Lift Every Voice
I Make Believe Iím With You
I Will Never Know
Where Does a Dream Go?
The Moods of Gene Marshall (1969?, 41.11) *½/TTT½
A New Beginning
When it's Springtime in Oklahoma
We've Been Strangers Too Long
One After Another
|Just About All
This Change of Heart
I Was Only in Your Way
The Glow of a Rainbow
My Aching Heart
|Don't Ask Me Why
You Little Doll
A Little Quarrel
Holding Hands Under a Table
It seems Gene "Marshall" Merlino is regarded as one of the gods of the song-poem genre, along with the legendary Rodd Keith; if you don't know anything about song-poems, have a quick scout about on the 'Net and despair. Remember those 'have your song recorded by professionals!' ads? Them. On the undated Here's Gene Marshall, his smooth crooner tones deal admirably with the junk he was sent, although the accompaniment is rarely better than perfunctory, the jaunty I'm On My Way To Success (oh no you're not) possibly excepted. The only other not-utterly-appalling effort is the standard country ditty No Place To Go, but I really wouldn't take that as any kind of recommendation. This is so low-budget that no-one bothered to even put a copyright date on it, but it seems it's an early release on the Preview label, so it's probably mid-to-late '60s.
...And the reason this is here? Chamberlin. Lots and lots of Chamberlin. Every bloody track, in fact. Chamberlin strings doubling for real ones wherever you look, bolstering up the sloppy rubbish people wrote back then (he says, naïvely, thinking anything's changed), plus a flute lead opening the album on Keep Talking Baby and male voices on He Understands And Cares. I've no idea who played it and probably never will, but it competently stands in for several expensive musicians in a clear violation of MU rules. So why not a higher T rating? Because after a few tracks, you wish it would stop. Yes, really. It sounds enough like cheesily-arranged real strings that any benefit gained from its tape-replay status is lost due to what it's actually playing.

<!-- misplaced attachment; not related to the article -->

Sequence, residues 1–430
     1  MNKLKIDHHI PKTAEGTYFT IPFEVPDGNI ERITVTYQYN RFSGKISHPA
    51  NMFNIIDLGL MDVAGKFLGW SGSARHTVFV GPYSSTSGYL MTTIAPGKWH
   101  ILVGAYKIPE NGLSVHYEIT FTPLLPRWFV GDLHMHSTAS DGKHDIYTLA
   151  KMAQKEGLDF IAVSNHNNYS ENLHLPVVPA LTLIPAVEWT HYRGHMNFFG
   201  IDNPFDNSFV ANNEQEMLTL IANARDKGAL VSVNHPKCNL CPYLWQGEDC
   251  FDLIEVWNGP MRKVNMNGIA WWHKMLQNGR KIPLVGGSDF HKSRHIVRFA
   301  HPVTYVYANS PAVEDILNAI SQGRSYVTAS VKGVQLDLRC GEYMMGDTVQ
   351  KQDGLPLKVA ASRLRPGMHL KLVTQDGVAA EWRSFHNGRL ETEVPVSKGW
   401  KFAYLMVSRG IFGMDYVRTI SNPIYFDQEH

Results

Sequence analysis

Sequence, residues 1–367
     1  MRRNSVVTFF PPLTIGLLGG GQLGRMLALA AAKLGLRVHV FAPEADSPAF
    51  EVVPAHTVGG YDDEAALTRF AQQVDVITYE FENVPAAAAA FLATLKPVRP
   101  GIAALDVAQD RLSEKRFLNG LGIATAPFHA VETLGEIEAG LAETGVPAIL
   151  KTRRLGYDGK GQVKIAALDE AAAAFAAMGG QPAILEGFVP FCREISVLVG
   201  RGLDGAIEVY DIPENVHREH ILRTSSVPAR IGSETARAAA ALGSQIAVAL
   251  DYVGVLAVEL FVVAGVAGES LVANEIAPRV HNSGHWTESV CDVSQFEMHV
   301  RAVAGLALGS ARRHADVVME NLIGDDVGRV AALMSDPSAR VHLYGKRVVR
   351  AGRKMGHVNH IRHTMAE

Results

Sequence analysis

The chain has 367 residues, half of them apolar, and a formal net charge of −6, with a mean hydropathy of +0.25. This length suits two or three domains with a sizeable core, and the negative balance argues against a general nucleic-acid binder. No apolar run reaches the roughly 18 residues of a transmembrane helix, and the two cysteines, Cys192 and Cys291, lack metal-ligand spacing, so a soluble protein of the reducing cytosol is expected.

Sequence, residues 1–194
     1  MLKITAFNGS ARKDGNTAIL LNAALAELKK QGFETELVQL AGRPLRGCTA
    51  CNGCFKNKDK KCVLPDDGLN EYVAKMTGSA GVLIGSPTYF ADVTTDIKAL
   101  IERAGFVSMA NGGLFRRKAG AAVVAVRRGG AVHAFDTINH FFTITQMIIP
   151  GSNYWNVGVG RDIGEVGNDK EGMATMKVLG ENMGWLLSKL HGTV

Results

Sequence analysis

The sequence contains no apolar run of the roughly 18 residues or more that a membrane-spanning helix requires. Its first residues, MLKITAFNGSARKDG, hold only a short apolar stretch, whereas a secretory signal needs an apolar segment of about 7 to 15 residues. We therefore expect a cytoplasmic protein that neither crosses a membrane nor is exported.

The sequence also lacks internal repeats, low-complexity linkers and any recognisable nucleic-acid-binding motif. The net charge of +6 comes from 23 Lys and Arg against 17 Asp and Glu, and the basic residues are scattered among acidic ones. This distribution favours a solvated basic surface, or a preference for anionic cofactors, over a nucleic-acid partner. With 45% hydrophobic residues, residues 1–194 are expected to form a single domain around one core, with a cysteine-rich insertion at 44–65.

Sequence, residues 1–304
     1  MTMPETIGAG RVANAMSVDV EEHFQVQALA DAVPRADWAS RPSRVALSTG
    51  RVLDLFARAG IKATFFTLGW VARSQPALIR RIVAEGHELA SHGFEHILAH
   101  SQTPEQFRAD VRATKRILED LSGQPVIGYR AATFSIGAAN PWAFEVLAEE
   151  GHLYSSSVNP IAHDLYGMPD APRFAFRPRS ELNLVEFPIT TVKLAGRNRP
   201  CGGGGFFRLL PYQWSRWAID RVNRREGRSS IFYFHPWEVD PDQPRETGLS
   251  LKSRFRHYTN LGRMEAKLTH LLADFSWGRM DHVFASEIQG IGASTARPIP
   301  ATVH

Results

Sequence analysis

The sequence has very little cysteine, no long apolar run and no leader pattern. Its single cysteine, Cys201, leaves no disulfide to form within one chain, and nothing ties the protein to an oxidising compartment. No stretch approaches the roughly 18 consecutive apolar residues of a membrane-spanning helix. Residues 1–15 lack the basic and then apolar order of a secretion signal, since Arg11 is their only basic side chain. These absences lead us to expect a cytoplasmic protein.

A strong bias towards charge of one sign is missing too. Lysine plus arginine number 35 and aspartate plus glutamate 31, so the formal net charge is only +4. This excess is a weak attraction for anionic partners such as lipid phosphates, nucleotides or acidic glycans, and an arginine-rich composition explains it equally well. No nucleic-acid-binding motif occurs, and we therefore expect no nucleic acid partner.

Due to a serious lack of bio/discographical information on the estimable Mr. Marshall, it's unknown whether or not The Moods of Gene Marshall was his immediate follow-up. My source (hi, Mark) reckons it's probably from 1969, largely due to the especially bad lyrics to Bobby, clearly about Robert F. Kennedy, assassinated in mid-'68. Musically, the album starts off slightly less awfully than its predecessor, but quickly slips into the same slough of despond, sickly-sweet ballads alternating with, well, more sickly-sweet ballads, most of the lyrics concerning the age-old topics of love, love and more love. Once again, Chamby strings on every track; once again, they quickly become unlistenable, due to the universally cheesy arrangements.